The Bankster Review

8:40:00 PM

Let me begin by saying that The Bankster is a gripping novel. Its written by Ravi Subramanium who has already a bunch of best selling books to his credit. Even though he has a fab record of good books, this is the first book of his that I have read and needless to say, I want to read more of his works. He goes deep into his plots and boomerangs the story with a solid punch of thrill.

We have three story tracks here. One deals with the CIA and its covert activities. Ravi has infused lot of vision and research on this one. Joseph Braganza is supposedly involved in the blood diamond trade in Africa on directions of the CIA. He trades them for arms and ammunition.  The character is what we have already seen in so many western films and novels but still the author makes it look and feel different.

On a parallel note we have Krishna Menon from Devikulam who is fighting for Nuclear Plants Safety in India, specifically for a plant that is close to his home. This sub plot draws references from the Chernobyl nuclear disaster and of the more recently nuclear disaster in Japan when Tsunami caused havoc to one of its nuclear plants. It also throws light on corruption in India and how it impacts young folks like Krishna's son in this story who sees his father being humiliated by the system for no fault of his.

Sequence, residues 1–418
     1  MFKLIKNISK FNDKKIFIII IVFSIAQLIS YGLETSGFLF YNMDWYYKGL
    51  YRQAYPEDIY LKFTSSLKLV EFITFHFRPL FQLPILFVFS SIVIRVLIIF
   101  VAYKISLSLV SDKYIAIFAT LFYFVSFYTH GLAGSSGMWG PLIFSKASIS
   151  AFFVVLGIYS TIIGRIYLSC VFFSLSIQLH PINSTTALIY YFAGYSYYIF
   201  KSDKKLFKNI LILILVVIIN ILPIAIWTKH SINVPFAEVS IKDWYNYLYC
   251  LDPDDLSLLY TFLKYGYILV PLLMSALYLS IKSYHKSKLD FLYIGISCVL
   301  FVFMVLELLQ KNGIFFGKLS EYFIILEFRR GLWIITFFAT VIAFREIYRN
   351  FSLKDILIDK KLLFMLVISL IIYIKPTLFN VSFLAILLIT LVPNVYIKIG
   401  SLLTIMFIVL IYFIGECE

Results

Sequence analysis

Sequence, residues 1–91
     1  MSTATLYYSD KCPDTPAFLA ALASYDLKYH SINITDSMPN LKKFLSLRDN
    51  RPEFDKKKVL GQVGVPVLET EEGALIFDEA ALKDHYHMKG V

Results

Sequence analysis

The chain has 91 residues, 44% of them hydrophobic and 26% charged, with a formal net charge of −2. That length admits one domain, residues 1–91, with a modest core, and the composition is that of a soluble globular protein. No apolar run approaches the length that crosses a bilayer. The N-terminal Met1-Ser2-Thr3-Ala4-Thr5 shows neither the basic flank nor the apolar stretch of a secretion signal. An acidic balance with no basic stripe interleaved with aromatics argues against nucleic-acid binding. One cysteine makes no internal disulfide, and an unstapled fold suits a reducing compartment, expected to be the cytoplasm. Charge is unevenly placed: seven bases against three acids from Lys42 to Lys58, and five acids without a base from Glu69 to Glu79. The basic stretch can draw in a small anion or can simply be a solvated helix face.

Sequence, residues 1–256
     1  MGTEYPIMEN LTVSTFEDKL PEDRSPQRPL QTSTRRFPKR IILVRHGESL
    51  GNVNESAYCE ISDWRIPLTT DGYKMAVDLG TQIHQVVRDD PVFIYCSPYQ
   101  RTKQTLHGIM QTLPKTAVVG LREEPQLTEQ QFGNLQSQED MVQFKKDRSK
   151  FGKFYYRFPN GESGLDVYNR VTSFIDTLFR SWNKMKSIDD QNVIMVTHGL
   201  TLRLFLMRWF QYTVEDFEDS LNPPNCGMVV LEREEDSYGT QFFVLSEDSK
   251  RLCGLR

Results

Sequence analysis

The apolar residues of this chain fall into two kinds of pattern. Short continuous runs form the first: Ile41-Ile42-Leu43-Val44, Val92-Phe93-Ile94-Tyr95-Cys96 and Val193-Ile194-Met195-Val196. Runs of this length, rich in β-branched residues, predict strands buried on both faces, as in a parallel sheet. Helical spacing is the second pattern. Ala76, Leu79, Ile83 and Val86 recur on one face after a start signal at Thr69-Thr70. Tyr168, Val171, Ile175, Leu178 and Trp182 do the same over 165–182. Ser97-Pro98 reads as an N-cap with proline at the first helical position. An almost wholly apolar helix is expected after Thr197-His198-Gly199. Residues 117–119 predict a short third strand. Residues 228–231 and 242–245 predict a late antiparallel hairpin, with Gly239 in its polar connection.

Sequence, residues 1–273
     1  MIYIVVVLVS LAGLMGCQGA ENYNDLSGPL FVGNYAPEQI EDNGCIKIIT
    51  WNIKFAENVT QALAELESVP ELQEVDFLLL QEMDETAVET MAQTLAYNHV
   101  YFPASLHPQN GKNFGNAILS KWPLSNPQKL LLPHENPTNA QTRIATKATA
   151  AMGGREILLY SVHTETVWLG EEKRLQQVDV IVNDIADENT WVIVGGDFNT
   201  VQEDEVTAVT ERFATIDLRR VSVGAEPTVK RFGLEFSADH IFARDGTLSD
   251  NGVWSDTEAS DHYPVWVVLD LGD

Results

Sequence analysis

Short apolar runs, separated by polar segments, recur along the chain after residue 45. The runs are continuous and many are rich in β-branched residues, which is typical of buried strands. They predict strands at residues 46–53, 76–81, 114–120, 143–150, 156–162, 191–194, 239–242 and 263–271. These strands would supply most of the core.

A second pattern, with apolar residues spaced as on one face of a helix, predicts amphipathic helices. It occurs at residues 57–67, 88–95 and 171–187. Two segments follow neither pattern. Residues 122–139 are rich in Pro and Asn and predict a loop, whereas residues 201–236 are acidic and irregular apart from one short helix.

The third and the main plot is Ravi's specialty. The banking sector and its inner workings. However, this one comes out to be very routine. You almost expect a sultry and sexy employee with a egoistic and overbearing boss. You also expect slices of office politics. We also know how to push sales, members of the fairer sex are put forward and the poor ugly guy trails back for lack of beauty and charm. Even though it makes an interesting read, you almost always know what is going to happen next. Except of course, why are so many murders happenings as if we are in John Grisham's novel The Firm? A cashier dies, than a RM and her husband and more murders take place. It just juices up the story in an eerie way.

But the question now arises is how are these three different worlds connected? One is of CIA Agent's covert dealings, other is anti - nuclear protest and these are somehow connected to a bank in Mumbai. It is here that Ravi strikes hard and captivates the reader in his story telling skill. The climax is well researched, well crafted and very interesting. The story unravels bit by bit and you got to savor its every moment till the end as the drama unfolds and the three stories interconnect.

A highly recommended book, especially for all those high fly youngsters who want to make it big and make it big fast. In his own subtle way the author using a simple story has brought to light the underbelly of finance and the financial world.


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